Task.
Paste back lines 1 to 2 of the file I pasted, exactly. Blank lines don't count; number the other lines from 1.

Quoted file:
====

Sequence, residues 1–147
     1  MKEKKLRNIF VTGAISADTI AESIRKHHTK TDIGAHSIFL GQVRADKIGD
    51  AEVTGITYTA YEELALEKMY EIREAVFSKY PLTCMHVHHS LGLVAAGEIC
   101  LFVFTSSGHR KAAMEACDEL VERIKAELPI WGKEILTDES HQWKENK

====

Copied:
Sequence, residues 1–147
     1  MKEKKLRNIF VTGAISADTI AESIRKHHTK TDIGAHSIFL GQVRADKIGD